Estonia's Defense Minister Jaak Aaviksoo has sent the Tallinn city government notification of the start of excavation and identification works on the site of the controversial Bronze Soldier monument at Tonismagi in downtown Tallinn.
The purpose of the planned excavation is to establish the number and identity of persons who are assumed to lie buried on the site, the governmental press service said.
The Estonian government plans to move the monument to a nearby military cemetery, a plan which has drawn fire from veterans groups as well as from Russia, which continually berates Estonia over the issue. No firm date has been set for the move.
Aaviksoo later briefed members of the Cabinet on preparations for works to be carried out on the site pursuant to the War Graves Protection Act, and the government assigned tasks to state institutions to ensure that the work is carried out in an appropriate manner and in keeping with all international norms.
Members of the government agreed that the Interior Ministry will secure public order in the area during the excavation. The ministry's task is also to rearrange traffic if necessary.
The late 1940s Red Army monument, locally known as the Bronze Soldier, commemorates Soviet soldiers who died in World War II and has traditionally been a rallying point each May 9 for veterans celebrating the Soviet Union's defeat of Nazi Germany. Because the Red Army's invasion of Estonia at the end of the war and decades of Soviet occupation and repression, however, many Estonians find the monument offensive.
The monument has been a source of tension since last May 9, when police prevented a group of Estonian nationalists from demonstrating at the site, where a veterans' rally was already taking place.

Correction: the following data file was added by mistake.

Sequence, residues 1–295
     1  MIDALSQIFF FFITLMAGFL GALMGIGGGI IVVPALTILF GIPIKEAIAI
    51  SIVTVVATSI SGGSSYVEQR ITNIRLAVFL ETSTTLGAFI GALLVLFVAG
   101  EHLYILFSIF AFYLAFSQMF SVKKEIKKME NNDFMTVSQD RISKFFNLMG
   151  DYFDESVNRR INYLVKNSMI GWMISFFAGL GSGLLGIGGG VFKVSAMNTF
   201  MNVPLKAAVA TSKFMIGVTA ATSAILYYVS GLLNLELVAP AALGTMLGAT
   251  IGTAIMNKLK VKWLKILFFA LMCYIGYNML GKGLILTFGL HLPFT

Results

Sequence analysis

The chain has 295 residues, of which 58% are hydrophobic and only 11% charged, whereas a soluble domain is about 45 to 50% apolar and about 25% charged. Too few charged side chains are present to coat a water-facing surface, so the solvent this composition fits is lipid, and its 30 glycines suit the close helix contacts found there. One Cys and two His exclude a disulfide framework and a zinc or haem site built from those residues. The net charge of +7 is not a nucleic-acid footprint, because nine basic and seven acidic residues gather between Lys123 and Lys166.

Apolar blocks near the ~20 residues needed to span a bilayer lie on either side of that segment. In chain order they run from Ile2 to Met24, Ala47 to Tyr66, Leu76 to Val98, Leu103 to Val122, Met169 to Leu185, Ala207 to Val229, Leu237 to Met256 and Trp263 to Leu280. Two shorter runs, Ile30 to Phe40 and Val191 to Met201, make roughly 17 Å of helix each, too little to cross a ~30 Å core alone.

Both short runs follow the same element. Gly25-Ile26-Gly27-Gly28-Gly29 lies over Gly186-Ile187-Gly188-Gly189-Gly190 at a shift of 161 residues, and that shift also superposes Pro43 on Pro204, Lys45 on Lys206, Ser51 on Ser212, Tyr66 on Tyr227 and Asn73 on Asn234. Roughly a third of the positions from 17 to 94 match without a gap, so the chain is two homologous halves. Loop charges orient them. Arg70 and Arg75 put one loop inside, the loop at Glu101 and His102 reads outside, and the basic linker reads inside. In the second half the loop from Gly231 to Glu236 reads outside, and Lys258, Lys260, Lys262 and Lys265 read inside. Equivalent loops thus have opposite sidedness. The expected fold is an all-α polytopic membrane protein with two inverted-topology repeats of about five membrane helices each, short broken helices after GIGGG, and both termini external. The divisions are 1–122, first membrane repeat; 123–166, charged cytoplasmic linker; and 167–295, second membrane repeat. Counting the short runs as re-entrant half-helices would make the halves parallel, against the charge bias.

The Tallinn city government has taken legal action to prevent the excavations. However, the administrative court did not accept the city's complaint as it was deficient. The court also rejected a repeat application for initial legal protection filed by the city government last Wednesday to stop the works from going ahead.
The previous defense minister, Jurgen Ligi, decided shortly before leaving office to start excavations at Tonismagi to remove the remains of Red Army soldiers believed to be buried there to a more suitable place as recommended by the War Graves Commission, a body set up at the Defense Ministry. He said the works to dig out war graves and identify the remains would start in April.
Meanwhile Russia's foreign minister, Sergei Lavrov, said at a news conference in Madrid on Wednesday that the plan to relocate the monument cannot be described other than as "blasphemous and an insult to the memory of those who freed Europe from Nazism," Russian news agency Interfax reports.
A poll taken April 13 - 16 showed that more than half inhabitants of Russia, 59 percent, believe the removal of the monument is discriminatory and provokes further tension in Estonian-Russian relations, the Russian news agency Interfax reported.
At the same time 20 percent of the polled said both parties to the row over the monument should behave in a more restrained and wiser manner.